When there is ONLY a Will!
These are a few of the difficulties that arise when ONLY a Will is put in place:
Difficulty #1: Instructions to Probate Judge. What is a Will? A Will is nothing more that a letter of instructions to Probate Judge about how your estate will be divided upon your death. In essence, a guarantee of probate.
Difficulty #2: Unequal Distributions are Possible. A Will deals only with property owned in the decedent’s name alone. Jointly held property (JTWROS) passes to the surviving joint owner – and is not distributed according to the Will. So, for example, if a Will says that all property is divided equally between three children, and one child is the joint owner on a $100,000.00 bank account with the decedent, that bank account is not divided equally with the other children. The bank account passes to the surviving joint owner by contract law, not by the Will in Probate Court.
Difficulty #3. Wills require Conservatorships for Minor Children. Bequests to minor children require the creation of Conservatorships and the annual reporting to Probate Judges of all income and expense for each minor child until age 18. Some Probate Courts require approval prior to the expenditure of funds for the minor child, or before the withdrawal of funds from the minor’s Conservatorship Estate. Upon reaching age 18, the balance of the Conservatorship Estate is paid directly to the 18–year-old child without restrictions – to spend as the 18-year-old sees fit. Usually, not a good decision. In Wayne County, a bond is almost always required by the Probate Court.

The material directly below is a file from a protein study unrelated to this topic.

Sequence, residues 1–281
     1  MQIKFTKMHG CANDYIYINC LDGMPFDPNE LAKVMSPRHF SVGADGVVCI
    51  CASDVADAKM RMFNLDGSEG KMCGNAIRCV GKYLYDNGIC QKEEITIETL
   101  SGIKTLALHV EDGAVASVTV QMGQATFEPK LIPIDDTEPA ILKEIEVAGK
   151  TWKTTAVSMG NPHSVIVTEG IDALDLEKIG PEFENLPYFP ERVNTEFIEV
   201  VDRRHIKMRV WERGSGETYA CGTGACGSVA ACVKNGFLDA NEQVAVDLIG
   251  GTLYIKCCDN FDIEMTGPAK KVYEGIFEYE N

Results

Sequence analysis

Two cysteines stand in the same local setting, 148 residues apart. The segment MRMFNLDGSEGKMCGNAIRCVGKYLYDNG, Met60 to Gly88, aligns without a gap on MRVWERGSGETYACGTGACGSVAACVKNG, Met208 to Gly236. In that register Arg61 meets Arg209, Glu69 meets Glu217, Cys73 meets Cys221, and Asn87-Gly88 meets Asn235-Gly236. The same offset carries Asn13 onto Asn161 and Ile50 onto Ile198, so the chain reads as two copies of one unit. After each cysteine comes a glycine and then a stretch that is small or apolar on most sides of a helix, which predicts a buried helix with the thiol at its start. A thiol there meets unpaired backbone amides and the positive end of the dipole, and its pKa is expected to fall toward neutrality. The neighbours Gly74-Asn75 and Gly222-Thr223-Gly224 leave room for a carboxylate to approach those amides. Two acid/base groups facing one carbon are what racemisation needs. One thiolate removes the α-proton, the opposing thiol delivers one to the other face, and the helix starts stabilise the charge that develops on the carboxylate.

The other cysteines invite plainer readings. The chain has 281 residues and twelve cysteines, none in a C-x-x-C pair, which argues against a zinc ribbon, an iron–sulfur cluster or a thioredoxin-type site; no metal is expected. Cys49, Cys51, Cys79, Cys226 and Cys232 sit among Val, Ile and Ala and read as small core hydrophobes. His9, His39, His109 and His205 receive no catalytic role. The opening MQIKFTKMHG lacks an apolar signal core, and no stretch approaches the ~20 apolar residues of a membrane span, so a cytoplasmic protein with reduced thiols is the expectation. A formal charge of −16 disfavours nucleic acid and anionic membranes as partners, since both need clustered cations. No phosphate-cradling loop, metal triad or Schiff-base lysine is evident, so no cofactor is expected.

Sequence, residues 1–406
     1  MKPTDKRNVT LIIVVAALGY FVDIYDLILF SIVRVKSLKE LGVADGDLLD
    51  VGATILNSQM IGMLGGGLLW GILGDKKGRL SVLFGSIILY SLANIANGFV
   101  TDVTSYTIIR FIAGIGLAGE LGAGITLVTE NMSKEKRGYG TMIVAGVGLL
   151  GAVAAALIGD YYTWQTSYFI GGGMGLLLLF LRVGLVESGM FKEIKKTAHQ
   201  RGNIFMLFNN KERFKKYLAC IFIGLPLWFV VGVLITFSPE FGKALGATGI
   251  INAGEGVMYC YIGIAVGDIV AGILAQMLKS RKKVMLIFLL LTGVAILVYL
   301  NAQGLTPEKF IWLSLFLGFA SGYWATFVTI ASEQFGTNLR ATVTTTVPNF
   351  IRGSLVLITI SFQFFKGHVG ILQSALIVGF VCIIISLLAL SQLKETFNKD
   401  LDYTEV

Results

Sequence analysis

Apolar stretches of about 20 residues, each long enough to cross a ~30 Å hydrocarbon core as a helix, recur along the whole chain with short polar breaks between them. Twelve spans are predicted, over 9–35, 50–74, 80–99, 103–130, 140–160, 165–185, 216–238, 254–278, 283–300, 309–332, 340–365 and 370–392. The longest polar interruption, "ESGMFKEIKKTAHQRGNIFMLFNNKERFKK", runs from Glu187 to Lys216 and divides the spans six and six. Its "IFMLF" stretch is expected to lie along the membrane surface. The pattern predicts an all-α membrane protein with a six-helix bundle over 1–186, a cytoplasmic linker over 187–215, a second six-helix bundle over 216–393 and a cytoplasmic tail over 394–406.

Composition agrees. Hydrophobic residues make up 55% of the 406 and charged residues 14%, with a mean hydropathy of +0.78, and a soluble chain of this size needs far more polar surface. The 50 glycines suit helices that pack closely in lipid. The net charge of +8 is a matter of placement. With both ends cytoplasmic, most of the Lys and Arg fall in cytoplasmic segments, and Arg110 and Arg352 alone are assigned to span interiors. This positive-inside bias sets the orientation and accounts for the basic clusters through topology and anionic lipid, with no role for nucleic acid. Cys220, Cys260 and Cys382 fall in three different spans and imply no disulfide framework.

Difficulty #4: Guardianships may be required for Minor Children. A Will may require the creation of a Guardianship Probate Proceedings where a parent dies while the child is still a minor, especially in single parent situations. If the Will does not appoint a Guardian, the Probate Court has the power to appoint one, or a public administrator as Guardian who is a stranger to the family. A Court appointed Guardian, can be a different person than the Conservator, which just makes caring for a minor child more difficult and expensive since two different people may be making the care and support decisions for a single minor child.
Difficulty #5: Inventory Fees. Probate Courts require the payment of Inventory Fee that is assessed on the total value of the Probate Estate, usually less than 1/2 of 1%. This fee is completely avoidable with the use of a funded revocable trust for the decedent’s personal and real property.
Call (248) 643-9530 or email firstname.lastname@example.org for a consultation.
For more information visit our website